Short-term ambient temperature variations and incidence of preterm birth: A systematic review and meta-analysis

Int J Hyg Environ Health. 2024 Mar:256:114319. doi: 10.1016/j.ijheh.2023.114319. Epub 2024 Jan 2.


This study aimed to determine the short-term effects of ambient temperature variations exposures on the incidence of preterm birth (PTB) for each single lag day (lag0 to lag6) and cumulative lag days (lag0-1 to lag0-6) up to a week before birth. To find relevant publications, online databases, including Web of Science, PubMed, and Scopus were searched with appropriate keywords and Mesh terms from their inception to October 25, 2023. Overall, the number of 39 observational studies with 12.5 million pregnant women and 700.000 cases of PTB met our eligibility criteria. The associations of temperature variations with the incidence of PTB were investigated with two different meta-analyses, including the percentile meta-analysis (comparing different percentiles (P1 to P99) with a referent percentile (P50)), and the linear meta-analysis (per 5 °C increment of the temperature levels). For the percentile meta-analysis, we observed both extreme cold (P1, only lag 0) and heat (P95 and P99 with the highest risk at lag1 and lag0-6) exposures can be significantly associated with a higher risk of PTB. The pooled RR (95 % CI) per 5 °C increase in the temperature levels at lag0-6 was estimated as 1.038 (1.018, 1.058) for the overall analysis. Subgroup analysis based on the season shows a significant association in the warm season (RR = 1.082 and 95 % CI = 1.036, 1.128) at all lag days but not the cold season. For the single lag day, we observed the risk of PTB is the highest at lag1 and decreased with moving to lag6. In sum, we suppose there is a nearly V-shape non-linear association between air temperature levels and the incidence of PTB with the linear relationship for each unit increase (also decrease) in the temperature levels above (also below) moderate temperature limits. Future studies should investigate possible association of occupational heat and cold exposure during pregnancy on the incidence of adverse birth outcomes such as PTB.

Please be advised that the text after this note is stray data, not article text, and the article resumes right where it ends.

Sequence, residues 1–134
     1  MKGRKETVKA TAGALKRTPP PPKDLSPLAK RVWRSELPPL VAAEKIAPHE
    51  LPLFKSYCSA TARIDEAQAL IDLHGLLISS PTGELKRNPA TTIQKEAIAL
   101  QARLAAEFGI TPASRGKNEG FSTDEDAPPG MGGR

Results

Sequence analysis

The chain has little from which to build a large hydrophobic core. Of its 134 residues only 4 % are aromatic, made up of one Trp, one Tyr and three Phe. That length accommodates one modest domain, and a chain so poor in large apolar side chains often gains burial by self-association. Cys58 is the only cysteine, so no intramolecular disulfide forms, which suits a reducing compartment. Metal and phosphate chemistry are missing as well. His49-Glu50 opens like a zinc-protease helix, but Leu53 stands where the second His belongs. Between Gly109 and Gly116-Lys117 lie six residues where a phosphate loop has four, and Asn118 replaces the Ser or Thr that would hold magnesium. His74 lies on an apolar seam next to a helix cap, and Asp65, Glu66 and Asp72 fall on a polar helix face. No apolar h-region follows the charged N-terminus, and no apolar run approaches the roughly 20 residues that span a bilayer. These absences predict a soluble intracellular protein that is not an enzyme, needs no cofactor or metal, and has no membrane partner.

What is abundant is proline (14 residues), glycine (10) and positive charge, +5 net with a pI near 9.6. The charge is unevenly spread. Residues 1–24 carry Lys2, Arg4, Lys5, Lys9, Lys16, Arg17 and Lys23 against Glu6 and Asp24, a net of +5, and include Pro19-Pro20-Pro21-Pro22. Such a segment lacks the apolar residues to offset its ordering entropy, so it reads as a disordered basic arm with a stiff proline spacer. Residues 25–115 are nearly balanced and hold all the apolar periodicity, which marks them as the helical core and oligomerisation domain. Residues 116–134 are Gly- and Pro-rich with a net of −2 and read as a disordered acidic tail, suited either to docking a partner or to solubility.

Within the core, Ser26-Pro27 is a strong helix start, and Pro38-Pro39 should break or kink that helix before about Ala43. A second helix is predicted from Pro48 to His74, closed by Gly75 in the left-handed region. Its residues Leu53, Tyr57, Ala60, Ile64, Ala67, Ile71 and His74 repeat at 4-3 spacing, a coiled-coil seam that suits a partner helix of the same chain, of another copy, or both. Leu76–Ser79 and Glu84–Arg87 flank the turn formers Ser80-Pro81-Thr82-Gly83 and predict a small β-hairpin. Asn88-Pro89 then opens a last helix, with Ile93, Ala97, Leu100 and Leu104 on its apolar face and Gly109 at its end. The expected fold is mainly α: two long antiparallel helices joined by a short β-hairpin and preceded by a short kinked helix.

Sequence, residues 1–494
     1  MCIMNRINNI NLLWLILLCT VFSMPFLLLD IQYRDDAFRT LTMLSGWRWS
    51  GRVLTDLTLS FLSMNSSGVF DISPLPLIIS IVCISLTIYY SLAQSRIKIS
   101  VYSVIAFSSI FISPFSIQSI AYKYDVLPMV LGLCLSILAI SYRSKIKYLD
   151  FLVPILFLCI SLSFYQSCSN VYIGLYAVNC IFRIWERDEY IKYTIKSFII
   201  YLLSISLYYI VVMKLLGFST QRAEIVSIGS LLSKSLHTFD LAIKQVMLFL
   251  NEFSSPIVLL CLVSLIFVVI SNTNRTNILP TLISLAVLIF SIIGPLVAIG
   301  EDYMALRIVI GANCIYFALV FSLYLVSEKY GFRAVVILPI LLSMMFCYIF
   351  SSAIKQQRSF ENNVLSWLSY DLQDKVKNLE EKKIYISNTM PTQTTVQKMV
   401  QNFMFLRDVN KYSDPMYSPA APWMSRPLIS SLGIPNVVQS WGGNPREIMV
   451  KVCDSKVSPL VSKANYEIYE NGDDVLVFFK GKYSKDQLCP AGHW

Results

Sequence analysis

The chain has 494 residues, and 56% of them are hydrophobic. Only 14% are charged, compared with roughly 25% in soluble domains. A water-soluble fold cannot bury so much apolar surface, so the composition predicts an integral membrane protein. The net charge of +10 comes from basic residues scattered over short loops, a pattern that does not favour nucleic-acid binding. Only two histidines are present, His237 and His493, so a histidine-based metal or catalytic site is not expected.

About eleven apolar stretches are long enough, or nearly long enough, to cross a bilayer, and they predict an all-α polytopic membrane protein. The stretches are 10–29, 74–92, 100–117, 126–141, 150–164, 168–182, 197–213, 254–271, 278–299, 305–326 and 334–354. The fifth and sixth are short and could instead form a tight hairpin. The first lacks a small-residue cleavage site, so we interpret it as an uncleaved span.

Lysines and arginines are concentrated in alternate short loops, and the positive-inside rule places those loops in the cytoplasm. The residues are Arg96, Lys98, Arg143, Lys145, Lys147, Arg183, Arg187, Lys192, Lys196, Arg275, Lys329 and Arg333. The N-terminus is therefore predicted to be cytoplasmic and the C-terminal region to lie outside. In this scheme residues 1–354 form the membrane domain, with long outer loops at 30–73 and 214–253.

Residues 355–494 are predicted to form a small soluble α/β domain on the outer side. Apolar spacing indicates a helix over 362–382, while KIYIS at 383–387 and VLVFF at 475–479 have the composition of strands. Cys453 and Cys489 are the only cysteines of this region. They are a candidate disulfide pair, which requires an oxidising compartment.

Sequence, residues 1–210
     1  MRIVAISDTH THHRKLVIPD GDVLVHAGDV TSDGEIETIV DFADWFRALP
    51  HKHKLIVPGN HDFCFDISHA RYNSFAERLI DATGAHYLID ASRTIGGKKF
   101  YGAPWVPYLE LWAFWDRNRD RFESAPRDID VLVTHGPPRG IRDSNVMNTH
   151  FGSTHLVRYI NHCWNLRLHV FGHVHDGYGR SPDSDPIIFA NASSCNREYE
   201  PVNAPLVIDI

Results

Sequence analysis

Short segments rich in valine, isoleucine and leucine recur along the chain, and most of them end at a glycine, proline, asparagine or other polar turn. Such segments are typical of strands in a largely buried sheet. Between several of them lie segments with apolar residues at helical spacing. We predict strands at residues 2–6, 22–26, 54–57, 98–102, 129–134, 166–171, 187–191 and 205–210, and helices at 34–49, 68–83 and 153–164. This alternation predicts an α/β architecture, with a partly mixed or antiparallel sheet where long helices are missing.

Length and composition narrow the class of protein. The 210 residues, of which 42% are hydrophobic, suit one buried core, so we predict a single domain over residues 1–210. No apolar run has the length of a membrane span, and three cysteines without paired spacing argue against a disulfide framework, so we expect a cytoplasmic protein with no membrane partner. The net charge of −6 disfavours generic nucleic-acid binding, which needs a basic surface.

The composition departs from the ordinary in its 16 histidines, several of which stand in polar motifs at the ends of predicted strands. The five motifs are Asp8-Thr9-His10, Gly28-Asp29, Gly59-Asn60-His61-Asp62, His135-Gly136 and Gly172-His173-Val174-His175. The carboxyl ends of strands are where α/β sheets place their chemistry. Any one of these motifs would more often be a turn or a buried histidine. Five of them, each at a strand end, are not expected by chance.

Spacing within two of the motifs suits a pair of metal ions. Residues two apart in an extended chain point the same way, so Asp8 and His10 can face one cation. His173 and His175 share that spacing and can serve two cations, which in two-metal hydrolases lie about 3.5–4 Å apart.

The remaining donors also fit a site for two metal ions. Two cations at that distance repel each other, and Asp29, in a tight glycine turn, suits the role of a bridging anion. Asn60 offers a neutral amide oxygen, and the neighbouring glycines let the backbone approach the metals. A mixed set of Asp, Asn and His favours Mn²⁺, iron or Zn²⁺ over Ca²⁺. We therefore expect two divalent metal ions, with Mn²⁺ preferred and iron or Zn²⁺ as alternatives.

Keywords: Climate change; Cold stress; Heat stress; Pregnant women; Preterm birth; Temperature variations.

Publication types

  • Meta-Analysis
  • Systematic Review
  • Review

MeSH terms

  • Female
  • Hot Temperature
  • Humans
  • Incidence
  • Infant, Newborn
  • Pregnancy
  • Premature Birth* / epidemiology
  • Seasons
  • Temperature